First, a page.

High School Students Earn Associate`s Degrees

June 6, 2007
Contact: Dalilah Davaloz
Public Information Office
Phone (714) 564-6475, Mobile (714) 623-8654
[email protected]
For Immediate Release
High School Students Earn Associate’s Degrees
Teens take college courses along with their high school curriculum
(Santa Ana, CA) – Sixty-three students will graduate from Middle College High School (MCHS) with
their high school diplomas, and 13 of those students will also graduate with their associate’s degree and
transfer as juniors to universities. On Wednesday, June 13, at 1 p.m., Middle College High School will
celebrate this unique gradating class of 2007 at Santa Ana College’s Phillips Hall Theatre. Dr. Erlinda
Martinez, Santa Ana College president will serve as distinguished keynote speaker.
Adrian Reyes, 18-years-old, is ranked second in this graduating class. “I have been fortunate to
have participated and completed my high school and two-year college requirements through this
program,” said Reyes. “Now, I have a jumpstart on completing my bachelor’s degree compared to other
incoming high school graduates.” Reyes has been accepted and plans to attend the University of
California Irvine in the fall. He will begin his studies as a junior and major in biological science.
Since 1997, Santa Ana College (SAC) has been the community college host of MCHS, an early
college access program in which students have the opportunity to concurrently pursue a high school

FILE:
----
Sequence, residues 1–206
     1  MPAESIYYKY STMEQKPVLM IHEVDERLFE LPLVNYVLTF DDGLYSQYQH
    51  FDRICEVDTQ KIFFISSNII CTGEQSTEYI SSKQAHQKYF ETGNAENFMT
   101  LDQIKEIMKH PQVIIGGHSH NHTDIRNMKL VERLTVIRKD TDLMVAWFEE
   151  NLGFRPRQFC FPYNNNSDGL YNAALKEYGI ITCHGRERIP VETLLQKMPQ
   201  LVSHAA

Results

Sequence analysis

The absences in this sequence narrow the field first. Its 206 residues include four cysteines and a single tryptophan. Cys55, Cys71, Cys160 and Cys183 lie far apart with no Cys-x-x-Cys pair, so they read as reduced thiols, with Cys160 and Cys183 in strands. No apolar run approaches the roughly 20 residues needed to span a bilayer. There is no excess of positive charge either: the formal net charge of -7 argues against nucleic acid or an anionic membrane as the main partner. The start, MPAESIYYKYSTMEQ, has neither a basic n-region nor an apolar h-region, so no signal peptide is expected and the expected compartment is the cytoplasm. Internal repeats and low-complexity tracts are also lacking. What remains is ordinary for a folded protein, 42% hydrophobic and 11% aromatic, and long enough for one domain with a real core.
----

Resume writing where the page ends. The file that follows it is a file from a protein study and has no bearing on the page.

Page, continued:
diploma and a college degree. This unique school is a collaboration between Santa Ana Unified School
District (SAUSD) and Ranch Santiago Community College District. While the school is located on the
college campus, all teachers are employed by SAUSD. Students take high school curriculum courses,
which are required by SAUSD but also take college courses to fulfill requirements by the state of
California for earning an associate’s degree.
The concept for middle college high schools was originally developed by Dr. Janet Leiberman of
La Guardia Community College in New York and is being promoted nationwide through Gates
Foundation grants. Today, there are over 30 middle colleges located across the nation. The Gates
Foundation has provided grants locally to help fund MCHS and Olive Crest Early College High School,
another collaborative venture of SAC and SAUSD.
“The program was established for the average student, to provide him or her with a platform to
excel and reach for higher education,” said Jean Williams, MCHS principal.
-morePublic Information Office  1530 W. 17th Street  Santa Ana, CA 92706  Phone: (714) 564-6475  Fax: (714) 835-5059
Teens take college courses
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Although the high school environment is traditional, students face additional challenges since
they are also completing courses at SAC to fulfill their two-year college requirements.
“The program has been demanding, but the rewards have made it worthwhile,” continued Reyes.
“I would recommend this program to anyone who seeks to be challenged.”
Reyes and his peers have each completed 60 transferable units for acceptance as juniors to fouryear institutions and are scheduled to attend universities throughout the state, including Chapman
University, San Francisco State University, University of California Santa Cruz, and Woodbury
For more information regarding Middle College High School, contact Jean Williams at (714)
About Santa Ana College
Santa Ana College is a public community college that serves nearly 50,000 credit and non-credit
students annually. SAC provides education for academic transfer and careers, courses for personal and
professional development, customized training for business and industry, and programs to train nurses,
firefighters and law enforcement personnel.
Public Information Office  1530 W. 17th Street  Santa Ana, CA 92706  Phone: (714) 564-6475  Fax: (714) 835-5059